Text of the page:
This story is featured in the Fall 2019 edition of the HPU Magazine. Discover below HPU’s men’s and women’s lacrosse teams winning seasons and incredible growth.
The lacrosse players that coaches Lyndsey Boswell and Jon Torpey recruit to play for High Point University spring from the same mold.
They come from supportive families, and they’re forged by discipline and hard work. They’re good. And they’re hungry.
As members of a program still considered young in the eyes of the lacrosse world, they feel they have something to prove. So, when they come to HPU, they play with a passion that fuels their goal: Let everyone know HPU men’s and women’s lacrosse can compete with the best.
They have. And they’ve won.
They’ve beaten ranked teams once thought untouchable, and because of their play, HPU men’s and women’s lacrosse teams have been ranked nationally, too. But how did this happen in such a short period of time?
Start with the coaches. The team’s winning chemistry begins there.
Feeling Like Family
Know this — Boswell and Torpey are a lot alike.
They both come from blue-collar backgrounds, raised in families full of tough love. They were raised with a lacrosse stick in their hands, and they played in the sport’s biggest hothouse of competition and talent — Maryland.
Boswell coaches the women; Torpey, the men. Off the field, they’re warm. On the field, they’re all business. Together, they are HPU’s lacrosse dream team.
They’re both close. They describe themselves like brother and sister. Their teams are close, too. One finishes practice and the other starts. One is playing a game and the other is in the stands sitting together, cheering loud.
That synergy, the players say, is crucial. It’s created a brother-sister bond between both programs. As for the teams, players say there are no cliques. They see themselves as one, mentors to one another.
They practice six days a week at least two hours at a time. On some days, they get up an hour before daybreak, hit the practice field at sunrise and go to class sometimes without a shower.
Their work ethic breeds respect, and the wins come.
Players hone their bodies and improve their skills by using the innovative technology in HPU’s biomechanics lab. They also tap into the expertise of a sports psychologist and listen to motivational speakers to help get their minds right to practice and play.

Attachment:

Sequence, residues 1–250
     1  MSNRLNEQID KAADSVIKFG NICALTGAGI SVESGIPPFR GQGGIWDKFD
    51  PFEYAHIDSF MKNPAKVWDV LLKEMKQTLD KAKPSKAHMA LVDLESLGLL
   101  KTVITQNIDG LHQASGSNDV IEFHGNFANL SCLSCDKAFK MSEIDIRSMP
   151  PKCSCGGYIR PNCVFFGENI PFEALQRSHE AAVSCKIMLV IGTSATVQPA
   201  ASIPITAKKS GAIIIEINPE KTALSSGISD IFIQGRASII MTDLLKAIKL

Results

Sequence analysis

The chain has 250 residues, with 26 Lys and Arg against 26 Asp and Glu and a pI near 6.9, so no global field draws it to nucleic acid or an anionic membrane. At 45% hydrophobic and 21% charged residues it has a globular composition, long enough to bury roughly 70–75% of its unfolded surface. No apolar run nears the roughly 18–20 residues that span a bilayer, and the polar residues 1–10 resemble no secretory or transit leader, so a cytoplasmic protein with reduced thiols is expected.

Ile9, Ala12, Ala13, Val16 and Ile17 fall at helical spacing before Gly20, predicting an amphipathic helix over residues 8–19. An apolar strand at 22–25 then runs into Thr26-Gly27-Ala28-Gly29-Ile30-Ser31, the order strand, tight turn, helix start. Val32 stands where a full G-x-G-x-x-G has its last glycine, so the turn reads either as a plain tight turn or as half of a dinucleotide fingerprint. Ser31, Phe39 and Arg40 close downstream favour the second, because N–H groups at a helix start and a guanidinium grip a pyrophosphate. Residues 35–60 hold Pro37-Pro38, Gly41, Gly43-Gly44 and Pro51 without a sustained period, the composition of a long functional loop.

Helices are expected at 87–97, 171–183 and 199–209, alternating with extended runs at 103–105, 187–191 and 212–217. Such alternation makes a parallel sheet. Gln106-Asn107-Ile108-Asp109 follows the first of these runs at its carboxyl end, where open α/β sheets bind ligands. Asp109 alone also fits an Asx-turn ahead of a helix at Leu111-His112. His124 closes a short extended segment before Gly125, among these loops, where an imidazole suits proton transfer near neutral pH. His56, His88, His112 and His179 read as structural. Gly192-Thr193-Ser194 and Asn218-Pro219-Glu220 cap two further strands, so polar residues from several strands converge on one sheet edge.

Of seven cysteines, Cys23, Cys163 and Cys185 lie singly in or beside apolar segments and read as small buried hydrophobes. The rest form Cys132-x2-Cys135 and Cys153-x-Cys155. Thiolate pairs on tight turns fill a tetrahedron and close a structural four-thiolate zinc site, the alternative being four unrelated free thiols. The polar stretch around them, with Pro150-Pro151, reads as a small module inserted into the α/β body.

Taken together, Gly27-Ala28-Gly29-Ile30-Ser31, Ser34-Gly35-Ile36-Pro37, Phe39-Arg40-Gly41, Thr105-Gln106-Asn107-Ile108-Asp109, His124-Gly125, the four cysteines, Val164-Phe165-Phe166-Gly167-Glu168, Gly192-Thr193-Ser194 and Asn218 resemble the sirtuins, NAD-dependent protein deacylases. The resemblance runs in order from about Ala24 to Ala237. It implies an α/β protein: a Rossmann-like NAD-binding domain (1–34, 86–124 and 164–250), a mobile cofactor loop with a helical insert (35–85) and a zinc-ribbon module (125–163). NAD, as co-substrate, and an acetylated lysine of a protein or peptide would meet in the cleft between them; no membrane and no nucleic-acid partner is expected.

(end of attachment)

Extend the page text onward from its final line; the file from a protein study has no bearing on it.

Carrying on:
And they listen to Boswell and Torpey. The coaches are like surrogate parents. They help their players on all aspects of life — from heartache and staying healthy, to schoolwork and navigating their future.
That kind of sage counsel helps teammates feel like family, and they realize lacrosse is a guidebook to life.
Like Samantha Herman, the senior captain who graduated in May.
“We knew we’d be better people off the field because of those early morning workouts and late nights finishing up homework,” she says. “It made everyone better.”
And HPU’s role?
“It starts with our president, Dr. Nido Qubein,” Herman responds. “He wants an inspiring environment with caring people and an extraordinary education. I was impacted by all three.”
Building a Powerhouse
The women’s program turns 10 this fall, the men’s program will be nine, and both Boswell and Torpey have helmed the program from the beginning.
That newness has made their players scrappy. Against more established programs, players say they fight for respect because they long to build HPU into a lacrosse powerhouse ranked year in and year out.
So, players come for Boswell, for Torpey and for the idea of creating a lacrosse dynasty.
Take Abby Hormes, a junior from Fallston, Maryland. After accepting an offer to play for HPU, she sat in the stands when Boswell’s team beat Towson 21-15 in the spring of 2017. It was HPU’s first-ever NCAA Tournament win in any sport.
“It gave me chills watching them,” Hormes says today. “Just the fact that I was going there in the next year made me super happy. I knew I had made the right choice.”
Last spring, Hormes was named Offensive Player of the Year in their conference, the Big South.
Then there is Asher Nolting. He came to HPU from Greenwood Village, Colorado. Last spring, he was named Second-Team All American by Inside Lacrosse Magazine and highlighted on ESPN when he scored with a behind-the-back goal when No. 11 HPU beat No. 9 Virginia.
“WHAA?!’ the ESPN announcer yelled repeatedly.
It was some kind of shot. But that’s indicative, Nolting says, of how they play.
“This is what makes our program special,” Nolting says. “We are all so close, from the top to the bottom of the roster. We know everything about our guys. We’re all like brothers, and we’ll do anything for each other. There are no cliques, and that makes it easy for us to play for each other. We play hard.”
There’s no better example than a Wednesday in February.
HPU beat Duke 13-9.
It was the highest-ranked opponent HPU had ever beaten in the program’s history. Duke was No. 2. When the game ended, the entire team stormed the field. Nolting immediately found his goalie, HPU senior Tim Troutner Jr. Troutner made 19 saves that game.
Nolting hugged Troutner hard.
“I knew we could do it!” Nolting told Troutner. “This is why we wake up at 6 o’clock in the morning!”